The role of digestibility in the selection of spring feeding sites by Brent Geese

T Boudewijn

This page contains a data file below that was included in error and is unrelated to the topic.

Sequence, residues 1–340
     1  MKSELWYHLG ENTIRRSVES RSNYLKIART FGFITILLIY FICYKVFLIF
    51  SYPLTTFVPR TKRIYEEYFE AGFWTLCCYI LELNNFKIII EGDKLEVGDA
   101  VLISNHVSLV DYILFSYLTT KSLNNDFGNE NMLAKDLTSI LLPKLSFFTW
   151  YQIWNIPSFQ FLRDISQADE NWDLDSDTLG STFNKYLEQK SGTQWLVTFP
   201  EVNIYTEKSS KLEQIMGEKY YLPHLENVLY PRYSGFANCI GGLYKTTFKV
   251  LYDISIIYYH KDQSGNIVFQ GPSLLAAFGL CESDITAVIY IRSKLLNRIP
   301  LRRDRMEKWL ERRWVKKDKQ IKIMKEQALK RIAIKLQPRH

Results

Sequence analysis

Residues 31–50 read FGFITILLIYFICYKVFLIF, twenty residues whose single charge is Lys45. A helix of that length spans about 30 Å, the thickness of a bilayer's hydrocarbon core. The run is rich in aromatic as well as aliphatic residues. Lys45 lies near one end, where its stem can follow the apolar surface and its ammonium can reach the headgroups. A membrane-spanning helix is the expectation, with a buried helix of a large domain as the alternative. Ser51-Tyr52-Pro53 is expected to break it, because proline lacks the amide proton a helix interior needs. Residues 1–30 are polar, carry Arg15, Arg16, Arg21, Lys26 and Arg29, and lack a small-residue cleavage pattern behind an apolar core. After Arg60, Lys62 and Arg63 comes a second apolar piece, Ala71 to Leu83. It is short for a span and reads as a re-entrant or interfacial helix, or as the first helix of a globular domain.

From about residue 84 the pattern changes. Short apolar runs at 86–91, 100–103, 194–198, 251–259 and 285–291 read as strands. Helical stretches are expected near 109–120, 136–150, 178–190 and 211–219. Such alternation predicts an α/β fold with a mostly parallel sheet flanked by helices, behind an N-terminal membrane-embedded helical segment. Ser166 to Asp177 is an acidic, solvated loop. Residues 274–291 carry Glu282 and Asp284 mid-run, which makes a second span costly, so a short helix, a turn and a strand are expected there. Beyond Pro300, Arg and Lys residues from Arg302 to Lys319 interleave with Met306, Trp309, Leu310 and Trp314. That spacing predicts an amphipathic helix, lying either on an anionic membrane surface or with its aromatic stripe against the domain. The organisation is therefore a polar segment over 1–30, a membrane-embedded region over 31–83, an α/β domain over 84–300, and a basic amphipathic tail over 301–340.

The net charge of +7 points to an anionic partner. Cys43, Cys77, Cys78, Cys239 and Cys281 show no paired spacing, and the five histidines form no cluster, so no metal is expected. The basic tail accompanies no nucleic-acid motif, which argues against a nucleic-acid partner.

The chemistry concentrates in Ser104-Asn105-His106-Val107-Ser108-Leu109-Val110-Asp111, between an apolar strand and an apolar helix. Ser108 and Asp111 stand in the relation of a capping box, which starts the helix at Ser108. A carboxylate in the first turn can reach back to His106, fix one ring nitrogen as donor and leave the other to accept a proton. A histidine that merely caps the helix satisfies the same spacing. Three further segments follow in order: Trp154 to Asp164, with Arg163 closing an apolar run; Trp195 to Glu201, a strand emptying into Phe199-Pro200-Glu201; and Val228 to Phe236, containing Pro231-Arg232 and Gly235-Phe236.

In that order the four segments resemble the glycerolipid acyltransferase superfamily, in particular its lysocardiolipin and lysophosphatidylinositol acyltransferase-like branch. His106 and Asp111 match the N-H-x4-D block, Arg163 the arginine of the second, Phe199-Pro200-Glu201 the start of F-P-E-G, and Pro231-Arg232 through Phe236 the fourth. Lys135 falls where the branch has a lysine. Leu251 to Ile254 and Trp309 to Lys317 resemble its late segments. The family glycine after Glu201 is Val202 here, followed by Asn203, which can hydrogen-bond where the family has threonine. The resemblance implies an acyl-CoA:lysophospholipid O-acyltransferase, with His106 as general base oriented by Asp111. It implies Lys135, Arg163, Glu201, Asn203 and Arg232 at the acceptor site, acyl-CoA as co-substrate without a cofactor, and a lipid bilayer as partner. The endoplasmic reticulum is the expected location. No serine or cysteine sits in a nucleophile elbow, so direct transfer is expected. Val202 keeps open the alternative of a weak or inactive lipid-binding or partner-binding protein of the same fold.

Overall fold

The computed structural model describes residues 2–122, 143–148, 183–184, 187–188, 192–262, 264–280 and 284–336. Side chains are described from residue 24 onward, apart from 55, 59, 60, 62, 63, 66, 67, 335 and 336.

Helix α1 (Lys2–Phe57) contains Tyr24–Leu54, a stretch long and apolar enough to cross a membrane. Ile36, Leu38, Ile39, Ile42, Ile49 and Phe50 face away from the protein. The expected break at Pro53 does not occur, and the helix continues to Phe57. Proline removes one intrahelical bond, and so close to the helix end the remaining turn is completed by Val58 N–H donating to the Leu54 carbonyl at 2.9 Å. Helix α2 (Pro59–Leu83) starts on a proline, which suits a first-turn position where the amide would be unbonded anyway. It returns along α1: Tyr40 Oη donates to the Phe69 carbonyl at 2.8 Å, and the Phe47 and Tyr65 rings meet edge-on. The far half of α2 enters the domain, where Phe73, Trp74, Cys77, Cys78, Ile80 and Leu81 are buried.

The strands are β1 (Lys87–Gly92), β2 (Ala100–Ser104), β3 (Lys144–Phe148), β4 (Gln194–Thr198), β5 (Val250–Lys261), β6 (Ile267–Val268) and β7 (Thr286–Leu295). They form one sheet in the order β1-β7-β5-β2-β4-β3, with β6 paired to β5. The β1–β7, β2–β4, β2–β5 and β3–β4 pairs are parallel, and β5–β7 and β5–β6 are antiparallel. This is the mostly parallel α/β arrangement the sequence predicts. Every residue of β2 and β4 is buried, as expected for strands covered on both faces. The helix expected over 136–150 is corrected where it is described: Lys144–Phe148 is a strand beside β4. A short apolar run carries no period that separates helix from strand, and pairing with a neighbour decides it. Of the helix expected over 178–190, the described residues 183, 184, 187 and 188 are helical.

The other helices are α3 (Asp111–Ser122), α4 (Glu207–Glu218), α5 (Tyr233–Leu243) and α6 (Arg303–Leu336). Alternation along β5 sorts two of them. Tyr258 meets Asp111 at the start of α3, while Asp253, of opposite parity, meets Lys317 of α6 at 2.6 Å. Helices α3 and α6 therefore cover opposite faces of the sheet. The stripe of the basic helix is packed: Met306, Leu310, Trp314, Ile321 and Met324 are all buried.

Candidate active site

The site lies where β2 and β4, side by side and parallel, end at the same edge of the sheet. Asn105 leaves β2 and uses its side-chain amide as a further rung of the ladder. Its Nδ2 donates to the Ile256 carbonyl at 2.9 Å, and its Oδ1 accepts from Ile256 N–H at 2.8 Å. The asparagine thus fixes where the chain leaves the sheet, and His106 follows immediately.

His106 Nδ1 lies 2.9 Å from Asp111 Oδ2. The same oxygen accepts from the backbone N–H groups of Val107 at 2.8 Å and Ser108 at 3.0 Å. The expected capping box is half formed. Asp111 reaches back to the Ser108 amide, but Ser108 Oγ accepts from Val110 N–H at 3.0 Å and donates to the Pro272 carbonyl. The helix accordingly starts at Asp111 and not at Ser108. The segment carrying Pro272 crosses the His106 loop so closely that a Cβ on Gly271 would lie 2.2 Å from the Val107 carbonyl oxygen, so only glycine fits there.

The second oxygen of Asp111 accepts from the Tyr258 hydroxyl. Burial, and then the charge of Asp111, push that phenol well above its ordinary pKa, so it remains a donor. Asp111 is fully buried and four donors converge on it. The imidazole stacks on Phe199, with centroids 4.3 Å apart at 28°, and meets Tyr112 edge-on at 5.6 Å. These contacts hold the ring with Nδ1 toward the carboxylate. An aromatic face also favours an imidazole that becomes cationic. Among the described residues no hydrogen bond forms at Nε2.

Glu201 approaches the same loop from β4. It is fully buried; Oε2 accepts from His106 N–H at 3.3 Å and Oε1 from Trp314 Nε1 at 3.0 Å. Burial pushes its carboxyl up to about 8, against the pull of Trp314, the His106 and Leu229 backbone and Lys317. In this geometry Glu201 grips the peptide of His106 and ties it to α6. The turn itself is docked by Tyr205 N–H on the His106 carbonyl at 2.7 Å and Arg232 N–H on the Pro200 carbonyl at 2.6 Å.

In spring, staging Dark-bellied Brent Geese Branta bernicla bernicla show a marked shift in feeding site preference from improved grassland before mid-April to salt-marsh in May. Using two groups of three captive Brent Geese each, the changes in digestibility were studied from March until the end of May in both vegetation types. There was no difference in selectivity and digestive capacity between the captive birds and their wild counterparts. The earlier growth of improved grassland as opposed to salt-marsh resulted in a higher digestibility of the former until mid-April, but later the digestibility dropped as the grass started to flower. Spring growth of the salt-marsh vegetation lagged behind, resulting in a higher digestibility in May. In this way the highest quality food is available on the lower salt-marshes exactly when the Brent are building up their body reserves to migrate to, and breed on, the high-arctic tundras of Siberia.

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